Jaden Bradford: I always get one foot right here.
So you start hunting around. Sometimes the coordinates aren't really close so sometimes you have to just go.
As fun as geocaching can be, you don't always need global positioning satellites to know your whereabouts. You could use an old fashioned compass. Or if you want to go really organic, you could find a hiking path filled with traveler's palms. While not a true palm, the plant grows in a north to south line, giving adept travelers a sense of direction.
You'll be hard pressed to find a banana tree at any of Iowa's many state parks, but it's one of the everyday plants you'll stroll past right here at the Greater Des Moines Botanical Garden. Everything from palms to desert plant varieties to Asian gardens can be found tucked into the corners of this urban dome.
Kelly Norris: The Botanical Garden is an absolutely essential part of the cultural fabric of this community. We like to say around here that great cities have great gardens and if you look across the country and you look across the world at metropolitan areas large and small, they tend to have some association with public green space. And that association is born out in not only economic development but in talent recruitment and having that cultural amenity in the community as an asset for people to enjoy.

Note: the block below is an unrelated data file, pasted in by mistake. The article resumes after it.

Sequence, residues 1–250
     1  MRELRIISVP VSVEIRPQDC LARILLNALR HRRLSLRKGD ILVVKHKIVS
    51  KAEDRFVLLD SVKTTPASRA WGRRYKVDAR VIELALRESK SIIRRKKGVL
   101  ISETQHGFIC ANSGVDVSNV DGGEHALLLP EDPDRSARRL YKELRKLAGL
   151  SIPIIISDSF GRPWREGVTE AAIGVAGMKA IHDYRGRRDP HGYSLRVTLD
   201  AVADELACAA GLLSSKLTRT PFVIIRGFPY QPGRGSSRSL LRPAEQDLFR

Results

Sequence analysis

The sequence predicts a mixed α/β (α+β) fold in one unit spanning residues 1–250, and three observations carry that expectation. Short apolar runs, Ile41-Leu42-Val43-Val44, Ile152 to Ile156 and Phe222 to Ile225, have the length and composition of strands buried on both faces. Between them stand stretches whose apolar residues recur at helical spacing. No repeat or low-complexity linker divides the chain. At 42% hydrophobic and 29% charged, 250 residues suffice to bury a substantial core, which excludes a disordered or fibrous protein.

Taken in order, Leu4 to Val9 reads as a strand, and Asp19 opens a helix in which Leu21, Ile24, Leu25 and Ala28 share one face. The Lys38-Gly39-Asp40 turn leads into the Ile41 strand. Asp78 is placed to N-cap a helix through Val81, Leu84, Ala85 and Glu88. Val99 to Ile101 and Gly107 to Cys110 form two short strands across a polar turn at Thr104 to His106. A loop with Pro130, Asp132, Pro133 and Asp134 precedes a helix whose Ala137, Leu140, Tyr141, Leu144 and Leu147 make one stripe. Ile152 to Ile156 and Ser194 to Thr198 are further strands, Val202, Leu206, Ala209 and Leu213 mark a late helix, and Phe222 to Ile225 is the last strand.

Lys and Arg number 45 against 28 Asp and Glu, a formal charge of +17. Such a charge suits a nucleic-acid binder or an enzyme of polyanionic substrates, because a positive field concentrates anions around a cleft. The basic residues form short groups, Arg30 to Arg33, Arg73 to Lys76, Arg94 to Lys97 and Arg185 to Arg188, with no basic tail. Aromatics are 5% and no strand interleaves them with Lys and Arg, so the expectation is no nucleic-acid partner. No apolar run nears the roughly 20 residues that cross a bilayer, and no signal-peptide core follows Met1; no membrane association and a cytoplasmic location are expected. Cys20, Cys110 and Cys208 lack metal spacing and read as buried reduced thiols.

The Botanical Garden is in the midst of phase 1 of a capital campaign, a $12 million investment that will expand the scope of the facility beyond the recognizable domed conservatory. There will be 7 acres of outdoor gardens and those can expand as time goes on.
Kelly Norris: This is 14 acre property. Most people don't realize that we actually have that much real estate here. So those first 7 acres including a water garden, a celebration garden, a hillside garden are really the first steps in seeing out that vision and developing this as a true botanical garden.
Welcome to the living wall, a biodiverse lineup of 1,716 plants representing 7 different species suspended in troughs along the wall. It welcomes visitors through the front door and is the only living wall of its kind in our entire state.